US Senator McCain in Syria but ‘just by a few miles’

US Senator McCain in Syria but ‘just by a few miles’

US Senator McCain in Syria but ‘just by a few miles’

US Senator John McCain (2nd L) poses for a picture with Syrian rebel leader Gen Salim Idris (2nd R) and other members of the Syrian opposition in the border town of Bab al-Salam, near Turkey. McCain visited US troops in the southeastern province of Gaziantep, before crossing into Syrian territory. AFP photo

U.S. Senator John McCain slipped into Syrian territory from southeastern Turkey on May 27 but didn’t go far from the border, a Syrian opposition official told the Hürriyet Daily News on May 28.

The official, who spoke on condition of anonymity, said the senator crossed the border through a border gate in the southeastern province of Kilis. Gen. Salim Idris, chief of the Supreme Military Council of the Free Syrian Army, met McCain on the Syrian side and accompanied him but not very far from the border, he added. The meeting took a few hours, according to the official, and after the meeting McCain returned to Turkey through the same border gate.

An official from the Turkish Foreign Ministry told the Daily News that they were aware of McCain’s visit.

The official, who was speaking on the condition of anonymity, said McCain had come to Turkey in coordination with the U.S. embassy and that he didn’t have to obtain permission from the ministry. The official said the purpose of the senator’s visit was to see the Patriot missile batteries deployed on the Syrian border. The senator visited U.S. troops in the southeastern province of Gaziantep.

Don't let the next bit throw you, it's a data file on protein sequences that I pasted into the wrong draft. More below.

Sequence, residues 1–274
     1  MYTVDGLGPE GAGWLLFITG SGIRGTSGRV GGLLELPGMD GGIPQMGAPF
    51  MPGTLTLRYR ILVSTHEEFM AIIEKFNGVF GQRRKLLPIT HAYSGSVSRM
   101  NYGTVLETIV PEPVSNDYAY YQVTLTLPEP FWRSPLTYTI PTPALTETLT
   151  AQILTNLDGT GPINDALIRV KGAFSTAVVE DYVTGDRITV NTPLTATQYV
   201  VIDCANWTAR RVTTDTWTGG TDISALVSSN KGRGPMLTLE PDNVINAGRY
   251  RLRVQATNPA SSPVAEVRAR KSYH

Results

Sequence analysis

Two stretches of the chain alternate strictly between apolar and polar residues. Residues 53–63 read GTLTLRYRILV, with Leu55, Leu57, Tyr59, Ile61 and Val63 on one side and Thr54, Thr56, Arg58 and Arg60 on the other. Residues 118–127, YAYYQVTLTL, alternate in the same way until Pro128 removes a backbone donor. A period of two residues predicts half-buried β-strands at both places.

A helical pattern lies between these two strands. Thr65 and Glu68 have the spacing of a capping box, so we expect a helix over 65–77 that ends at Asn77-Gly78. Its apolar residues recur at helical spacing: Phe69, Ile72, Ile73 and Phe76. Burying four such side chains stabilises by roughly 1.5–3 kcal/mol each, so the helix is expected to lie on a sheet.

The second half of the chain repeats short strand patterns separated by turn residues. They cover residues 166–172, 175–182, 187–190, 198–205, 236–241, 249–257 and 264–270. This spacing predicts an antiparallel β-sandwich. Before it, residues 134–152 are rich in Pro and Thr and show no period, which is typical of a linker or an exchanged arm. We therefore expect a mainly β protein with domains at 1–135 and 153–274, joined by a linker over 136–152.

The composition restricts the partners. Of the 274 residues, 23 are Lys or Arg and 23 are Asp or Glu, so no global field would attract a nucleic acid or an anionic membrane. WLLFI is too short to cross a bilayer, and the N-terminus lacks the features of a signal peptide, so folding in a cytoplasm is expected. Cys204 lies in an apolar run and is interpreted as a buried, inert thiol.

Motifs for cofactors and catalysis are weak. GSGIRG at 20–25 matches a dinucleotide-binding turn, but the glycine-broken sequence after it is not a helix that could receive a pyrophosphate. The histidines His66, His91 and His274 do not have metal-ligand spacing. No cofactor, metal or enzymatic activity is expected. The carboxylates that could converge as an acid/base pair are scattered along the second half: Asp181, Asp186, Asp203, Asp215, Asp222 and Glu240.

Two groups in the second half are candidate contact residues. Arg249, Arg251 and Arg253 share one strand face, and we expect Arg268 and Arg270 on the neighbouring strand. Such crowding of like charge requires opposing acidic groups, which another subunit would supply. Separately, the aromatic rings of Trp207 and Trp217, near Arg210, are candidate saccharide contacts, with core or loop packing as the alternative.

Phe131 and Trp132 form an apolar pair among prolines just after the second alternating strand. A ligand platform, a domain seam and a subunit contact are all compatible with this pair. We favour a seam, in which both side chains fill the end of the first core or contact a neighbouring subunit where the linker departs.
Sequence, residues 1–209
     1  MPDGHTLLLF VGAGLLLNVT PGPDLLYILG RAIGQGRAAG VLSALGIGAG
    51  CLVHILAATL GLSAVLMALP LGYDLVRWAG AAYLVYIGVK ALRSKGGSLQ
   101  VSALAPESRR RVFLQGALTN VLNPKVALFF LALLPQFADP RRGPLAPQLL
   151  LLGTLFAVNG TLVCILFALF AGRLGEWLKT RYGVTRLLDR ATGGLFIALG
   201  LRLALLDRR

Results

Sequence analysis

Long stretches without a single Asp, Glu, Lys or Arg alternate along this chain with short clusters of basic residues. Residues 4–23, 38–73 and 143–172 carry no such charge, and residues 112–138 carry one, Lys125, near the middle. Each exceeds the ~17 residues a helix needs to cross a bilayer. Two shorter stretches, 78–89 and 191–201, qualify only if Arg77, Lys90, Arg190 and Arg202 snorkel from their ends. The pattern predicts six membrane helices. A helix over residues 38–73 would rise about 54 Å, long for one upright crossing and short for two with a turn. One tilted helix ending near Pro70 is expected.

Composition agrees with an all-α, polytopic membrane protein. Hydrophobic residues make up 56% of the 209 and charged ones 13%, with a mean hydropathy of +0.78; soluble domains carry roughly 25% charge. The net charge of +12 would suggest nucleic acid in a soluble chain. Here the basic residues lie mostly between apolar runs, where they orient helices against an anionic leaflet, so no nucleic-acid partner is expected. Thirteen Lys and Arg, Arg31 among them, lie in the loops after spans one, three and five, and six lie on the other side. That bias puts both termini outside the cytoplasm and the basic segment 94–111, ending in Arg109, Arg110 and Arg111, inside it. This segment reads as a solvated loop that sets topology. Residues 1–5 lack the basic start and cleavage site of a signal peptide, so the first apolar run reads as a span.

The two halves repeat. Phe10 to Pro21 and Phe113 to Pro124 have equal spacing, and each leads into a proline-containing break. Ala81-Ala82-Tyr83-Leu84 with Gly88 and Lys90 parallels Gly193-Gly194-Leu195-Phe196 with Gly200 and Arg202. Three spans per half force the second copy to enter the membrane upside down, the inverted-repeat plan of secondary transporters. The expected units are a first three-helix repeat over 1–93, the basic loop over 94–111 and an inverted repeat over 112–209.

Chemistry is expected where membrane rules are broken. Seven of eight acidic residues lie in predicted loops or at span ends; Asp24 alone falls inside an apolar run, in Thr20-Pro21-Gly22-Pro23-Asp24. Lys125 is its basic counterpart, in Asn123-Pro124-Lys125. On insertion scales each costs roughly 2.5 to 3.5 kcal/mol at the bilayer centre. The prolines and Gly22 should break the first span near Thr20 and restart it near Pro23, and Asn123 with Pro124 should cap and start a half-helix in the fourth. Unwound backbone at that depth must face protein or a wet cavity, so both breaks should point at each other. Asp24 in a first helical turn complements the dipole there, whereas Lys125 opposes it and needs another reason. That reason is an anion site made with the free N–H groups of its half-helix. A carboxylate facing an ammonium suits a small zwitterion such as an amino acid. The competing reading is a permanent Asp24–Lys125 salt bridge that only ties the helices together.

A State Department official said the department was aware of McCain crossing into Syrian territory, but referred further questions to McCain’s office. McCain spokeswoman Rachel Dean confirmed the trip, but declined further comment.

‘We need American help’

After crossing the border McCain met with leaders of the Free Syrian Army from across the country, who asked him for increased U.S. support, including heavy weapons, a no-fly zone and airstrikes on Syrian government and Hezbollah forces.

“The visit of Senator McCain to Syria is very important and very useful especially at this time,” the Daily Beast, which first reported the senator’s visit, quoted Idris as saying. “We need American help to have a change on the ground; we are now in a very critical situation.” McCain is the highest-ranking U.S. official to visit Syria since Robert Ford, the U.S. ambassador to Syria, crossed the border into northern Syria to meet with opposition leaders earlier this month.

McCain, the 2008 Republican presidential candidate, has been a fierce critic of Obama administration policy in Syria. While stopping short of backing U.S. ground troops in the country, he supports aggressive military steps against the al-Assad regime. McCain had made a similar visit to Libya early
in that conflict.